The report identifies 6 “musts” for CCS deployment:
  1. Implement sustained policy support that includes long-term commitments to climate change mitigation and strong market–based mechanisms that ensure CCS is not disadvantaged.
  2. Boost short-term support for the implementation of demonstration projects. This will require targeted financial support measures that enable first mover projects to progress faster through development planning into construction and provide necessary support during operations.
  3. Implement measures to deal with the remaining critical regulatory uncertainties, such as long-term liabilities.
  4. Continue strong funding support for CCS research and development activities and encourage collaborative approaches to knowledge sharing across the CCS community.
  5. Create a positive pathway for CCS demonstration by advancing plans for storage site selection.
  6. Encourage the efficient design and development of transportation infrastructure through shared hub opportunities to become ‘trunk lines’ for several carbon dioxide capture projects. 
Items 2, 3, 5, and 6 were embodied in the Pennsylvania CCS model, an innovative and comprehensive approach aimed at early, commercial-scale CCS deployment that was developed four years ago in partnership with the Clinton Climate Initiative. I was privileged to lead the Commonwealth’s effort. 

The network approach that we pioneered has recently been embraced by other nations, and The Global CCS Institute has underscored its potential power – and its necessity.

Wednesday, October 9, 2013

UCS publishes superb new report on the fracking debate

The Union of Concerned Scientists’ Center for Science and Democracy has published a superb – and blunt - new report, "Toward an Evidence-Based Fracking Debate: Science, Democracy, and Community Right to Know in Unconventional Oil and Gas Development," that examines the current state of the science on fracking risk as well as the barriers that prevent citizens from learning what they need to know to help their communities make evidence-based decisions.

The Executive Summary encapsulates the situation succinctly: 
(T)he dizzying pace of unconventional oil and gas development has limited the time available for researchers to adequately study its impacts. Scientific unknowns about some of the impacts of development have converged with a lack of comprehensive legal requirements and interference in the science and policy processes by special interests.
The confluence of conflicted politicians, biased or unavailable science, and misinformation has produced a noisy information landscape that too often hinders citizens seeking reliable information and erects hurdles for communities seeking evidence-based decisions…
The report discusses these barriers—a lack of transparency, misinformation and interference in developing the science need to fully understand risks, inadequate governance at both state and Federal levels, legal loopholes and limitations, and a noisy public dialogue—and offers strong recommendations to help overcome them.

For example, the report calls for three essential components that would go a long way toward transparency and providing the building blocks for a strong scientific foundation to develop needed understanding:   
  • Baseline studies of air, water, and soil quality before drilling begins;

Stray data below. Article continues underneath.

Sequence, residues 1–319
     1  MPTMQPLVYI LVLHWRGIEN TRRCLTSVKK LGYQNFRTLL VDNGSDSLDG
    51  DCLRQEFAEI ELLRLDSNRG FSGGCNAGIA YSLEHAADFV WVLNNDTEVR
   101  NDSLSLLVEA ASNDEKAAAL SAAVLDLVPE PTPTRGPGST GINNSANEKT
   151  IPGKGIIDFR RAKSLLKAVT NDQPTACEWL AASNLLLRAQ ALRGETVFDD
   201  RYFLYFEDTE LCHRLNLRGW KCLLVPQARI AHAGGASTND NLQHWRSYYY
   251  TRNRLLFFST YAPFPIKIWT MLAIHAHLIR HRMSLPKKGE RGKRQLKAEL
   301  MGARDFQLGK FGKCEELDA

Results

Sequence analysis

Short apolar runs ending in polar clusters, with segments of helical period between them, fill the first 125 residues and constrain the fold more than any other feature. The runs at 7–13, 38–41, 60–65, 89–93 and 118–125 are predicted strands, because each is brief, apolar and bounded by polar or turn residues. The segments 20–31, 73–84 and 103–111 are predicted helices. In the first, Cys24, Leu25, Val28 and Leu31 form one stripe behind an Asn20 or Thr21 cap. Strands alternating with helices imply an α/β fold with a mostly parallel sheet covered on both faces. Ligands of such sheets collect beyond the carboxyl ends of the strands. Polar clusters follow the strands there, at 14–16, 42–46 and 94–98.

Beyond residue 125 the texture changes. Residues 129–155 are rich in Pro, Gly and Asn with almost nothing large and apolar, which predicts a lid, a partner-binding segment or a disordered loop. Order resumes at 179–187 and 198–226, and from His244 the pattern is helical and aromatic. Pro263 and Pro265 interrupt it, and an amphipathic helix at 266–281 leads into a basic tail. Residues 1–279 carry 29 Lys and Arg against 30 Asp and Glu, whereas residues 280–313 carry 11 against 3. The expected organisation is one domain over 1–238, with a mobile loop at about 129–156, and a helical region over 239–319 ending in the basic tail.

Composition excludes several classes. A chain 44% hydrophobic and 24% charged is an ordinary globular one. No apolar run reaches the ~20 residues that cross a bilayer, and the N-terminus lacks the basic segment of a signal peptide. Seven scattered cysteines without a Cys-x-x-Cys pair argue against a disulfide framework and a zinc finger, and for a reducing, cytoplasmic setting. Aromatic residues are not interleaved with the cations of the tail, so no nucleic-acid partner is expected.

• Monitoring studies during and after extraction activities;
  • The chemical composition, volume, and concentration of the chemicals used in their operations.

UCS will hold a webinar on October 17  to present the report, and its fracking information toolkit. Register for the webinar through this link.

The report is a notable addition to a growing body of work by UCS on unconventional oil and gas development. It accompanies the toolkit and videos from its July, 2013 forum on fracking held in Los Angeles in which I participated.

Monday, October 7, 2013

PA must be smarter about regulating natgas compressor stations

While burning natural gas for electricity generation can provide substantial reductions in air pollution when compared to coal, the transmission of gas to market is a growing source of local air pollution in Pennsylvania - a situation that is both needless and avoidable.

This must-read article by the Pittsburgh Post-Gazette's Don Hopey discusses how the 450 (and growing) natural gas compressor stations in the Keystone State are regulated individually - rather than aggregated and regulated collectively - in a way that avoids subjecting them to more stringent Federal air emission requirements.  That results, according to the article, is situations like this:
Two years ago, the Clean Air Council appealed a state decision to grant individual permits to a Marcellus Shale gas production facility and 10 gas compressor stations linked to it by pipelines, all in Washington County. Collectively those 11 facilities, all owned by MarkWest Liberty Midstream LLC, can emit more than 900 tons of nitrogen oxides a year -- or more than three times the amount emitted by U.S. Steel's Edgar Thomson steel mill in Braddock, which is designated a major source.
This wasn't always the case, as the article notes:
In Pennsylvania, the DEP adopted an aggregation policy in December 2010, during the Rendell administration, that focused on interdependency when considering shale gas facilities' emissions. But by October 2011 the Corbett administration had put in place a new policy that de-emphasized dependency in favor of geographic proximity.
Exposing local residents to these major sources of smog-inducing air pollution is a threat to public health and the industry's social license to operate.  The air quality benefits of a switch from coal to gas should not be negated by short-sighted policy about gas transmission.  A smart aggregation policy that recognizes the obvious is the first step that Pennsylvania must re-take.  Then it must require Best Available Control Technology on all natgas compression equipment.